As someone who literally spends my entire workday with a web browser (or three) open on my computer and as someone who builds web applications for a living, I expect a LOT from my browser. I expect it to be extremely fast, stable, have the powerful features I need and all the while I expect it to stay out of my way as much as possible. I don’t wanna see it, I don’t wanna think about it, I just want it to show me the web and then get out of my way.
That’s why I LOVE Google Chrome. It isn’t perfect yet but it’s the closest thing to an unobtrusive, quirk-free browser that I’ve seen yet. Anytime a piece of software (or a person for that matter) tries to be everything to everyone it fails. The brilliant people at Google know this. They understand that simplicity is the ultimate sophistication. Here are some of my favorite features:
Super fast to start up and to load pages. I mean really… it’s quick.
Minimalist design. Slim, unobtrusive toolbar. This is one of those things that drives me absolutely nuts about most people’s browser setups. By the time they have their huge navigation toolbar, URL box, search box, bookmarks toolbar, Yahoo toolbar, Google Toolbar and the status bar across the bottom, they’ve taken up nearly a third of their available screen space! Do you want to see the web or your browser?
Chrome updates itself silently, behind-the-scenes. Yes, you read that correctly. You won’t even realize it’s happening. This is one area where Microsoft could take a hint: I want the latest and greatest features, security patches and bug fixes as they are released but I don’t want a bubble popping up to tell me I need to update, I don’t want to be forced to wait and I certainly don’t want to restart my browser. Chrome updates just happen silently, which is important because they can (and do) push out updates more frequently without constantly nagging me to update my software.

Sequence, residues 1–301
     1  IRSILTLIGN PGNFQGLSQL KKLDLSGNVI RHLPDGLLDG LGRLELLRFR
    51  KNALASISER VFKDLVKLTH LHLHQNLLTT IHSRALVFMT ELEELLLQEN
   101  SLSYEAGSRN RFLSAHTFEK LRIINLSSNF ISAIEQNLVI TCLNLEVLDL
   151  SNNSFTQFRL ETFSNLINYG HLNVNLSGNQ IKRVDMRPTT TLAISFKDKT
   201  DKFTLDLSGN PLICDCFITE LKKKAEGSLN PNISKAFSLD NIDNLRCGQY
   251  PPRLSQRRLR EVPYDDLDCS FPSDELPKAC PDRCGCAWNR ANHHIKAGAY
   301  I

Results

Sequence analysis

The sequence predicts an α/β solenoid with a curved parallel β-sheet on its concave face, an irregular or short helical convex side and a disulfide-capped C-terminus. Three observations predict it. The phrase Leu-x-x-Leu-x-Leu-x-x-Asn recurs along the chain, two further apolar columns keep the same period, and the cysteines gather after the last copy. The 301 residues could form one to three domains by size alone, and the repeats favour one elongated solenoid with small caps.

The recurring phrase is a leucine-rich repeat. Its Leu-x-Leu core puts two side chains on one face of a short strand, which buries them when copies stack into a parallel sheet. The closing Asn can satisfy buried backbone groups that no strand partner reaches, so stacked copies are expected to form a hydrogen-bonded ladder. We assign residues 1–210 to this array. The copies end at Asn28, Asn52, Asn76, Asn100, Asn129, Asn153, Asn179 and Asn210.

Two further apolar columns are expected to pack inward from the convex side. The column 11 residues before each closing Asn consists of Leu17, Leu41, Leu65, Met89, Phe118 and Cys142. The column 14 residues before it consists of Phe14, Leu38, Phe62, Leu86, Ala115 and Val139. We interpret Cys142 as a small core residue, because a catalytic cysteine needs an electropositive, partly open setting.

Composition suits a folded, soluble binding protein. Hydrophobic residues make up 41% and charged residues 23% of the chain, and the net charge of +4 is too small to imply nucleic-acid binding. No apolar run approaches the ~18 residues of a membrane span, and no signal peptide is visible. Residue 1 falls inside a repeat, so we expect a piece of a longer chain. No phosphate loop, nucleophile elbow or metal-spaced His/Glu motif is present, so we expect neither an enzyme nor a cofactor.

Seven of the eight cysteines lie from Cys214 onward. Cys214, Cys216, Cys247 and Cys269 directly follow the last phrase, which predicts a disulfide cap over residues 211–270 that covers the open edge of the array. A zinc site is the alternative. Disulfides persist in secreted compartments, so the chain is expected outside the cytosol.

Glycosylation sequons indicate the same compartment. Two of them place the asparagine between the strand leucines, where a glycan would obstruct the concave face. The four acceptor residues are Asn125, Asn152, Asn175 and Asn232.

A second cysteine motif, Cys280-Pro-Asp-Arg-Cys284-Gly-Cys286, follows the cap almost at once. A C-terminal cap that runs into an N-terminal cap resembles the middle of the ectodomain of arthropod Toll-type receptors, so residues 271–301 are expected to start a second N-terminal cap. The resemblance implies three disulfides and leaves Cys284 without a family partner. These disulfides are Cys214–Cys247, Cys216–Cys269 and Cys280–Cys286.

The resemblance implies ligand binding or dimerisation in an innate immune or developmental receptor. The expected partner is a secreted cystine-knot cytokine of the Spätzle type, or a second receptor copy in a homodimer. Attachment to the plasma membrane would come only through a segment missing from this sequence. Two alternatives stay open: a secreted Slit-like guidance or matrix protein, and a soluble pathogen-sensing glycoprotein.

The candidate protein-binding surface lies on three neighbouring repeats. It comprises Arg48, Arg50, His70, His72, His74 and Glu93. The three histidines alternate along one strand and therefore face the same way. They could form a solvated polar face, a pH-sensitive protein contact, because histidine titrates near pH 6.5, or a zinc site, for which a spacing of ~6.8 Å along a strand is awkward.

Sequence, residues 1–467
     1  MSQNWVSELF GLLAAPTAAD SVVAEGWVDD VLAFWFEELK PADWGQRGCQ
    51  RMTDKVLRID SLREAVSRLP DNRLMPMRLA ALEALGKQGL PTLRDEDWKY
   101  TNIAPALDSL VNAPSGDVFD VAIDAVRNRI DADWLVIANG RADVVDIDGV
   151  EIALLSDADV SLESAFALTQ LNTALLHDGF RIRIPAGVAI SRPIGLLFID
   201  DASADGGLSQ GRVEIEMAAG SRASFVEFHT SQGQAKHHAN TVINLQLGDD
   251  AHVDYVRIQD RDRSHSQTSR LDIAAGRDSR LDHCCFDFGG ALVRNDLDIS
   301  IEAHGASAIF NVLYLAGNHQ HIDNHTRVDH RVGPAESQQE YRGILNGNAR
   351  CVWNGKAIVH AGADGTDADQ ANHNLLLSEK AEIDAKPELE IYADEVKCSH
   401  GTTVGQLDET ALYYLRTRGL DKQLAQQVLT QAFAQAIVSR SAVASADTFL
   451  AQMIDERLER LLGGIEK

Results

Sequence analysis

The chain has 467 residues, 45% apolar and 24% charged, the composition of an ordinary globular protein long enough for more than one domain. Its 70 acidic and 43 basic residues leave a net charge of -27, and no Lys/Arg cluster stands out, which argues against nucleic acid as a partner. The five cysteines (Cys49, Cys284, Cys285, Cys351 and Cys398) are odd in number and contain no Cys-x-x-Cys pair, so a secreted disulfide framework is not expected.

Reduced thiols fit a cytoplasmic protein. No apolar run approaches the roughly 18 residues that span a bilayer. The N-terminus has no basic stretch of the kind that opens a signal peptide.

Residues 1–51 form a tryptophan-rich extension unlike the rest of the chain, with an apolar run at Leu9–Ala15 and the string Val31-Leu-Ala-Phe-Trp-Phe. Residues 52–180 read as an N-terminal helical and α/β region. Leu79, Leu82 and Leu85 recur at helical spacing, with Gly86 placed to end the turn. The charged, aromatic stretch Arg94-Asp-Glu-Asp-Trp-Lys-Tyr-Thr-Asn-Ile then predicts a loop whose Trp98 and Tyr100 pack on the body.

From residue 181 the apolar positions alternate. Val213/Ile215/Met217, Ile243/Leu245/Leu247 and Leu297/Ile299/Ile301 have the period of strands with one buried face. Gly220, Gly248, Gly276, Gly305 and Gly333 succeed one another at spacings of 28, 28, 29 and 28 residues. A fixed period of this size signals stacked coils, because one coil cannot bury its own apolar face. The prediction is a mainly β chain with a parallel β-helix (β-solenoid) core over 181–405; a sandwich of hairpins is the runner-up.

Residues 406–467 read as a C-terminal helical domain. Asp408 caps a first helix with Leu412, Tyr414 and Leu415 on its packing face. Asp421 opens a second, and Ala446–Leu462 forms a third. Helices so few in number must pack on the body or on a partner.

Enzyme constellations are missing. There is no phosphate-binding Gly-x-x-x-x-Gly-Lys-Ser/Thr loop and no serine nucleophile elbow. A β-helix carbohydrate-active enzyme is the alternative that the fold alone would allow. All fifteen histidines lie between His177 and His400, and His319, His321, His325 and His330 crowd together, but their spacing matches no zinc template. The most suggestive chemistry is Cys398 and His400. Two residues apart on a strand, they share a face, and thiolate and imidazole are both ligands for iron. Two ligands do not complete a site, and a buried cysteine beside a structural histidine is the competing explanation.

Ingenious tab functionality. This is HUGE for me because I always juggle lots of different pages in a dual monitor setup. I always have gobs of tabs open. For example one page that I’m developing, a few reference pages, one for deployment requests, Twitter, Google Reader, Gmail… you get my drift. If I want to move a tab to a separate window, I can just click and drag the tab out of the existing window and Chrome is smart enough to create a new window for me. The opposite is also true. It sounds like a minor deal, but it’s very intuitive and it’s a huge usability improvement.
Creating desktop versions of web-applications. Think about this scenario: if I want to have a certain website like GMail, facebook, Reader, Pandora or Google Docs open all day. I don’t necessarily want to run all these things in tabs in my browser because it crowds my workspace. In fact, I don’t even really want to use them like a browser at all. Essentially I want to be able to switch back and forth from GMail and my browser as if they were two separate applications. Well, with Chrome I can do just that. Chrome lets you turn web-applications into a desktop applications and you can run them alongside your browser just like you would by having Outlook open all day. You can just run GMail as a separate application separate from your browser. This is a very powerful feature that I started using about a year ago on my mac with a free app called fluid. It will change how you view web-applications.
I could easily go on and on. There are so many cool features: the combined search and URL box, the “speed dial” homepage, the fact that viewing the page source will open a new tab, the built-in element inspector, the tight security, etc, etc. Google is also giving away all it’s secrets by open-sourcing the browser through the chromium project.
My only complaint is that Chrome doesn’t support addons yet, only because as a developer I often want some advanced functionality such as firebug. But, according to Google extensions are coming.
If you haven’t already. Get Chrome and set it as your default browser… you won’t regret it.